By implementing progressive disclosure, you ensure that users are not bombarded with too much information at once. Instead, they can focus on completing their tasks with the necessary tools and information readily available, while advanced features remain accessible but unobtrusive.

Consider using progressive disclosure in your designs to create a more intuitive and user-friendly interface, especially in complex applications where ease of use is paramount.

Avoid dark patterns

Dark patterns refer to a set of manipulative design practices that exploit psychological principles to trick users into actions they didn’t intend to take, such as subscribing to a newsletter. While these tactics might offer short-term gains, they ultimately undermine long-term user trust and loyalty. By triggering and manipulating emotions, dark patterns can make people feel sad, unfortunate, or helpless, prompting them to seek immediate relief. An example might be a message saying, “If you unsubscribe, a cute cat will die,” preying on users’ empathy to prevent them from opting out.

Another common tactic is to evoke feelings of shame or fear of missing out (FOMO) when users attempt to unsubscribe or delete their accounts. Additionally, dark patterns often employ confusing language—using double negatives, passive voice, or vague terms—to increase cognitive load and frustrate users. This confusion can lead to mistakes, such as accidentally purchasing something or subscribing to services they don’t want. Although dark patterns might boost short-term metrics, they do so at the expense of user satisfaction and trust.

5. Testing UX copy

Copy can be tested using various design testing methods, but because words are open to interpretation, they often require a different approach. Here are some effective methods for testing UX copy:

Readability scores

Readability scores measure the complexity of words and sentence structures in content. Typically calculated by a computer, these scores are expressed as years of formal education required to understand the text. Numerous online tools, such as readable.com, hemingwayapp.com, and thewriter.com use different readability formulas to provide these scores.

Cloze testing

Cloze testing checks if the copy is comprehensible and conveys the intended meaning. In this test, a moderator replaces certain words in the text with blanks and asks users to fill in the gaps. The comprehensibility of the copy is determined by the percentage of correctly guessed words (including synonyms and minor misspellings). A score of 60% or higher indicates good comprehension.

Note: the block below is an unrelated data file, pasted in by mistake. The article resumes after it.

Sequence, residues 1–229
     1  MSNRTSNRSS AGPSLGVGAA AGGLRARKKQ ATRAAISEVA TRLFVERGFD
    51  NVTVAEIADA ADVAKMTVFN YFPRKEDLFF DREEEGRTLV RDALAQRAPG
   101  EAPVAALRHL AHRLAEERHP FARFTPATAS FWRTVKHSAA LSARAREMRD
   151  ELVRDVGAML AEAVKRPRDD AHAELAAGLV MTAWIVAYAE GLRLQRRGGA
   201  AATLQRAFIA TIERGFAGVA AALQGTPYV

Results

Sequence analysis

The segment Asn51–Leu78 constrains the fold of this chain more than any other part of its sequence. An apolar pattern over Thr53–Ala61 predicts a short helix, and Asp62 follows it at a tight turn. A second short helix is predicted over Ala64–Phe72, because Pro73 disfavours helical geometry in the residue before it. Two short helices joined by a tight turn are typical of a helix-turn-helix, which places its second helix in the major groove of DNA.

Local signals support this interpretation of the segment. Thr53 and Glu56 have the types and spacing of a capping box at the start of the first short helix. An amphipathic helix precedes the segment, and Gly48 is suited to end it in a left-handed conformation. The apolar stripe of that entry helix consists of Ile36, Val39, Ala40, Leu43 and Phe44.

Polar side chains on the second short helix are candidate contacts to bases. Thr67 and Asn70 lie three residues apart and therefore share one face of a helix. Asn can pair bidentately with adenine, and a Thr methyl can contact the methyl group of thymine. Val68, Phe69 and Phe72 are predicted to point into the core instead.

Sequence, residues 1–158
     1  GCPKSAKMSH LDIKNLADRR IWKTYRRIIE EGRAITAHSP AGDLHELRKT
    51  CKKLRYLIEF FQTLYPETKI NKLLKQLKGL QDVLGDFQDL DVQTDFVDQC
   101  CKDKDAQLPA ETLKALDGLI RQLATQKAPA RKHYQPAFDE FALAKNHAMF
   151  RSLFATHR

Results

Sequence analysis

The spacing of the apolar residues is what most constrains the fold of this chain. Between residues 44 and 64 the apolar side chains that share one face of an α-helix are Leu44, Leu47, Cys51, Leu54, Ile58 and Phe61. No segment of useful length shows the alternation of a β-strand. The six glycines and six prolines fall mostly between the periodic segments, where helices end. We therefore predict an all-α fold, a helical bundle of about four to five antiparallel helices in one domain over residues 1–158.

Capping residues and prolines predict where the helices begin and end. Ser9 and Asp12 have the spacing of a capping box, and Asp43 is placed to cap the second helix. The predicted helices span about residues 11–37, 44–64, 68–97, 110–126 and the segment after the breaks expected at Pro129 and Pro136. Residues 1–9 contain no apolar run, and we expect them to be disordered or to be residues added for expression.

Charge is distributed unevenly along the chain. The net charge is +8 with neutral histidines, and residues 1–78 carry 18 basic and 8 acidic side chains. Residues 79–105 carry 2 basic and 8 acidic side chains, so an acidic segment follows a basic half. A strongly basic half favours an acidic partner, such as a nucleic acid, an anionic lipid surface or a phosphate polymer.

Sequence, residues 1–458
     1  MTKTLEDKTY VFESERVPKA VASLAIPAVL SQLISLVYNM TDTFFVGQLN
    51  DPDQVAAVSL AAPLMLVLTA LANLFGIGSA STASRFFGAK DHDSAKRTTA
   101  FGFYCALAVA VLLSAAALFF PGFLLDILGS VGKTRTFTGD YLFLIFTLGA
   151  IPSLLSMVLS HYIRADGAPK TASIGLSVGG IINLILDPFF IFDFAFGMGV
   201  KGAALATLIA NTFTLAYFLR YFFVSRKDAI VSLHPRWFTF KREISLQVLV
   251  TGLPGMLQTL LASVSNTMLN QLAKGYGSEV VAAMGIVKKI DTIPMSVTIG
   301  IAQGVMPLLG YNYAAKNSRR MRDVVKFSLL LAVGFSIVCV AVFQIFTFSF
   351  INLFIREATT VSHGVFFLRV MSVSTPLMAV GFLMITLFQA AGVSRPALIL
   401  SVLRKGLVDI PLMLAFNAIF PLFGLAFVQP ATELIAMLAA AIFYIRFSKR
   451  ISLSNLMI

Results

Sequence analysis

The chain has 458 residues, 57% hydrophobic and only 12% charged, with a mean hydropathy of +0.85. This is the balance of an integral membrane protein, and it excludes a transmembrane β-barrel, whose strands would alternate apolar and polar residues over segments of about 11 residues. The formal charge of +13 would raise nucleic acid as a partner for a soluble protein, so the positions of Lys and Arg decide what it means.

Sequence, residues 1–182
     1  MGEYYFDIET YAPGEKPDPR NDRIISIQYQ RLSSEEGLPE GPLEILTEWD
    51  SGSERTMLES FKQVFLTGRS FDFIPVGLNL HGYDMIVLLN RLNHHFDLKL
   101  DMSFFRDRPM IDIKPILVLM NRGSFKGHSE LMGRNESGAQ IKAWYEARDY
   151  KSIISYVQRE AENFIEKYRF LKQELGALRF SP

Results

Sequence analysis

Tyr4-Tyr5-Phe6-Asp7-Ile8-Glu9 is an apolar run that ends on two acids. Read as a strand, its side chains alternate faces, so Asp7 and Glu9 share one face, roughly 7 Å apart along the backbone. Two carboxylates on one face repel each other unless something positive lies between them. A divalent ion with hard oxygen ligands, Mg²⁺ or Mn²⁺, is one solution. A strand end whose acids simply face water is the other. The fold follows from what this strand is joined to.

Comprehension survey

A comprehension survey assesses how well users understand a piece of content. Participants read the content and answer related questions. This method provides valuable insights but can be time-consuming and costly. For a budget-friendly option, consider an unmoderated survey where participants receive a link to an online questionnaire.

Highlighter test

The highlighter test evaluates the emotions that microcopy evokes. Participants highlight words that make them feel safe and confident in green, and words that cause anxiety or insecurity in red. Additional colors can represent other emotions. Like the comprehension survey, this can be done on a budget by sending participants an online document to highlight.

A/B testing

If your site is live, A/B testing can be highly informative, especially for copy related to calls-to-action (CTAs). By comparing the conversion rates of different versions, you can determine which copy performs better.

Quick exposure test

This test mimics real-life conditions by displaying a screen for just five seconds before asking questions about its content. It reveals what users notice and remember, providing honest feedback on the effectiveness of your copy.

Using Google Trends

When deciding between different word choices, Google Trends can help you compare the frequency of search queries for each term. This insight helps you understand your target audience’s preferences.

Competitor analysis

Competitor analysis is common but often overlooked from a UX writing perspective. Create a spreadsheet to compare criteria like tone, voice, readability, and sentence structure across 3-5 competing companies. This analysis provides insights into your competitors’ approaches, but avoid blindly copying their solutions as they may not have been thoroughly tested or suited to your brand.

Conversational research

Analyze where your target audience gathers, such as social media, forums, and app store reviews. If your product is live, examine comments on your posts. This research helps you understand the vocabulary and terminology your users prefer.

Observational research

Visit your users in their natural environment, like a teachers’ lounge if you’re developing an app for teachers. Observing their behavior and conversations provides unique insights that can inform your UX copy.

6. Documentation in UX writing

As with any documentation, the sooner you start UX Writing documentation, the better. This ensures that no important insights, feedback, or key decisions get lost. Start with the basics that will be immediately helpful for your team, like how to write the date, whether to capitalise feature names, or whether to use title case or sentence case. Don’t think too much about the format of documentation, as you can adapt it over time.

Documenting UX writing under cohesive and helpful labels in a dedicated document is crucial. This approach facilitates the reuse of components and the development of new copy. Ideally, each piece of copy should be supported with in-use examples from your own or competitors’ products.

To further enhance the utility of your documentation, include style guidelines and background information such as user personas. This ensures that everyone evaluates the copy from the same perspective, promoting consistency and clarity across the team.

7. Good UX writing. Summary

UX writing is an essential component of effective UX design. By crafting clear, concise, and engaging microcopy, you can significantly enhance the user experience, build trust, and convey your brand’s personality. Remember to focus on your users’ needs, adapt your tone based on their emotions, and utilize best practices to reduce cognitive load. Whether you’re working on buttons, labels, or error messages, thoughtful UX writing can transform how users interact with your product. Keep experimenting, learning, and refining your approach to ensure your copy resonates with users and helps them navigate your digital landscapes effortlessly.